Over the last 15 years, articles about the base of the pyramid (BOP) have begun to appear in scholarly business journals. Although attention was driven initially by claims that corporations could earn a fortune selling to these consumers, it became clear that this is difficult. The paper aims to discuss these issues.
To move beyond this difficulty, the authors emphasize the iterative boundary capabilities built by local, for profit enterprises as the key to creating markets at the BOP.
The authors argue that the evolution of the business models to permit firms to earn profits and have positive social impact requires building iterative boundary capabilities and support this claim by reviewing two cases of community based non-profits.
Future research should demonstrate that the process the authors observed in these two cases applies in other contexts. Scaling social impact will require sharing knowledge about iterative boundary capabilities and developing best practices that can help effective allocation of patient capital to share best practice and guide public policy.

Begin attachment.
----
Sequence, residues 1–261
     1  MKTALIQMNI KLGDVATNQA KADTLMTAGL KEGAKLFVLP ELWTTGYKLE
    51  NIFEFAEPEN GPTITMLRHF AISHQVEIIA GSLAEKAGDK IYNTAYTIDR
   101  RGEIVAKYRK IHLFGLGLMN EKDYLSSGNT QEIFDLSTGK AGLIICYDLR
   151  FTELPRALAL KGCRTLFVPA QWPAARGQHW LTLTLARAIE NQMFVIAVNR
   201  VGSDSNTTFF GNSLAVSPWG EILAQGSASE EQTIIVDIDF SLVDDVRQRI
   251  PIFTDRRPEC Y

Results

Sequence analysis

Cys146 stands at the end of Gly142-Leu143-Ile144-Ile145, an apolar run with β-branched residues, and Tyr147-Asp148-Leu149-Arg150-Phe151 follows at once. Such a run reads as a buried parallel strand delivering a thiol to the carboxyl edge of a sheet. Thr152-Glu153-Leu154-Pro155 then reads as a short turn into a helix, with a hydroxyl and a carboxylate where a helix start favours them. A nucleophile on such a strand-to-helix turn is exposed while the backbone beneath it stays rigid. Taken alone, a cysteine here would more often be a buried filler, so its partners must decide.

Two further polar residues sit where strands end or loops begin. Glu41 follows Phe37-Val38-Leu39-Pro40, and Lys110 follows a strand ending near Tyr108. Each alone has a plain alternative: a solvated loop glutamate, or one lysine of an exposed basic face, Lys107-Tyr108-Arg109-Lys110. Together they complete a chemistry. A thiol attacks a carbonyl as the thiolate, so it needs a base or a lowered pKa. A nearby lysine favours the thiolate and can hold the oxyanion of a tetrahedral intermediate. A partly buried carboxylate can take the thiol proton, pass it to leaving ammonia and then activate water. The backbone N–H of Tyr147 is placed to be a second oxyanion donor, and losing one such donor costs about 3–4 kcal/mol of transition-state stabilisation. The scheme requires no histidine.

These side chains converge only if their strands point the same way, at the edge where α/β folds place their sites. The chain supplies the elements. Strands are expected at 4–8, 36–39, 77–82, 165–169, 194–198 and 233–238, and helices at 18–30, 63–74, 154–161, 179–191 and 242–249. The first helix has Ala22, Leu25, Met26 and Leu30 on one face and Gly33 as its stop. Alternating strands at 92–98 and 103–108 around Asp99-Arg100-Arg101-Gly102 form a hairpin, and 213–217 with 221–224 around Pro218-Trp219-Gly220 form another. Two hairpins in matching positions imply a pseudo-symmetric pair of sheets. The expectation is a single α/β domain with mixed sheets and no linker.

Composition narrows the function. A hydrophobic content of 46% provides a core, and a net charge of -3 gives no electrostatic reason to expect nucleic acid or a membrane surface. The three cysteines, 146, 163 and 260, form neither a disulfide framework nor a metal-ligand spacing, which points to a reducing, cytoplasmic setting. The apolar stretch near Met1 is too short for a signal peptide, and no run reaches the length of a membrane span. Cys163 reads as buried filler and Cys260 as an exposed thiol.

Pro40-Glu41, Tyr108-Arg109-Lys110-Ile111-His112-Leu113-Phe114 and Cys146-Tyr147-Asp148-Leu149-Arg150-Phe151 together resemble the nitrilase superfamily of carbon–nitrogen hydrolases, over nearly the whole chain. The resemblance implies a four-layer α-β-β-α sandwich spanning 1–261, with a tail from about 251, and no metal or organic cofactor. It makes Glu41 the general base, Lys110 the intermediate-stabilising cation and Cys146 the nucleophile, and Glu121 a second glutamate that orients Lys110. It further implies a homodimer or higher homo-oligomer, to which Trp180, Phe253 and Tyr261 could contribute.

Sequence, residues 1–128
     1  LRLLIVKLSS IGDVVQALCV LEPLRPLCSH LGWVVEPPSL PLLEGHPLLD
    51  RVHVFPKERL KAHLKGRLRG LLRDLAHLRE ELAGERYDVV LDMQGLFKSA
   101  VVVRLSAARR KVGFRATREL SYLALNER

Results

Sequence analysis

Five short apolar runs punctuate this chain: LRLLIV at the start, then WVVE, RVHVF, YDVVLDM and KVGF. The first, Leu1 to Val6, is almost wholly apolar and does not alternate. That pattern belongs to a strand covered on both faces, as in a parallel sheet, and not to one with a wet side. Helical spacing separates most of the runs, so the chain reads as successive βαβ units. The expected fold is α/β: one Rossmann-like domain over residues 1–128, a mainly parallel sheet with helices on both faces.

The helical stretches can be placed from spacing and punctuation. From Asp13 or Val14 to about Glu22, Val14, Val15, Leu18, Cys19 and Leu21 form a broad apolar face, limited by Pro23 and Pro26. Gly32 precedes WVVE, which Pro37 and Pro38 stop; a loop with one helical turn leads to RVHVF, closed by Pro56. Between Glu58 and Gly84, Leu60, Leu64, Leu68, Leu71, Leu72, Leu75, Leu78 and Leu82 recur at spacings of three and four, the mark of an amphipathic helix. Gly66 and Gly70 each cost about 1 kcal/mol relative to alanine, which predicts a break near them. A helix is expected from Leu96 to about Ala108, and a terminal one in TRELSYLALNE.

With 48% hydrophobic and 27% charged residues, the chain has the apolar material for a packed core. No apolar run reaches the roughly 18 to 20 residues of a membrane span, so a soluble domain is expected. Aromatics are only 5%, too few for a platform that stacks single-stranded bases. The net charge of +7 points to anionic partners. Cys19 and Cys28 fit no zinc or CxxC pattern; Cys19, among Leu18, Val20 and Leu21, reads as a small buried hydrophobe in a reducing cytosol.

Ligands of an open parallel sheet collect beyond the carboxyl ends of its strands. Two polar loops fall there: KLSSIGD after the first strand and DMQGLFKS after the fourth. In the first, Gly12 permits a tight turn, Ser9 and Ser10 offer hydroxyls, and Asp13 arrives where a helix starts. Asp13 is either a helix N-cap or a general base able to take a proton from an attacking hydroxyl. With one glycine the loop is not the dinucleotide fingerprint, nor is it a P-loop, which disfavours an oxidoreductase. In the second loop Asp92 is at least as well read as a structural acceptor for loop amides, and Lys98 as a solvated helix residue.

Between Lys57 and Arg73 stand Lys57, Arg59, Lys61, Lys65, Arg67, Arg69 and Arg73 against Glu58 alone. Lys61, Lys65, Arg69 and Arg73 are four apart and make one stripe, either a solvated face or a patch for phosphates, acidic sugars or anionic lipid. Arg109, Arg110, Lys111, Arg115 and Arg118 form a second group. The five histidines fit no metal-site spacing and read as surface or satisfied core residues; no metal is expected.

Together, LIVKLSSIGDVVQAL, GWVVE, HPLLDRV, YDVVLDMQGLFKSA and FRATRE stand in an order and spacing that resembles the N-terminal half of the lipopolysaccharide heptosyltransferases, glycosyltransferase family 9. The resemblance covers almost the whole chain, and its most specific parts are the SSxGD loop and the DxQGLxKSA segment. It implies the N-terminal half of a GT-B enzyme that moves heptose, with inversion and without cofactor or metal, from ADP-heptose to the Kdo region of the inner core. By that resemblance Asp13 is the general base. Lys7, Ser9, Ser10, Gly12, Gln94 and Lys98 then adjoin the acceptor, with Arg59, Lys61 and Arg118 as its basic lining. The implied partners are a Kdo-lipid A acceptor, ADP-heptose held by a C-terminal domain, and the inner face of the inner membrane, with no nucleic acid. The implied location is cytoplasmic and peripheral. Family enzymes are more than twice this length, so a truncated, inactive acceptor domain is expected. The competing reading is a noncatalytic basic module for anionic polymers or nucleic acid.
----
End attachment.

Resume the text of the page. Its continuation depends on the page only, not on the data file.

Social entrepreneurs can conceptualize their own enterprises in terms of iterative boundary capabilities. Social investors can use the framework to assess and advise enterprises in which they may or have invested. Policy makers can enact laws and other legal actions to facilitate the formation of iterative boundary capabilities.
The authors see the framework as part of a broader move toward business models that pursue both positive social impact and profits.
The authors link a structuring approach with an institutional perspective to enhance business models that pursue profit and create positive social impact in BOP communities.
Mezias, S. and Fakhreddin, M. (2015), "Building boundary capabilities at the base of the pyramid", Journal of Entrepreneurship and Public Policy, Vol. 4 No. 1, pp. 111-133. https://doi.org/10.1108/JEPP-02-2013-0007Download as .RIS
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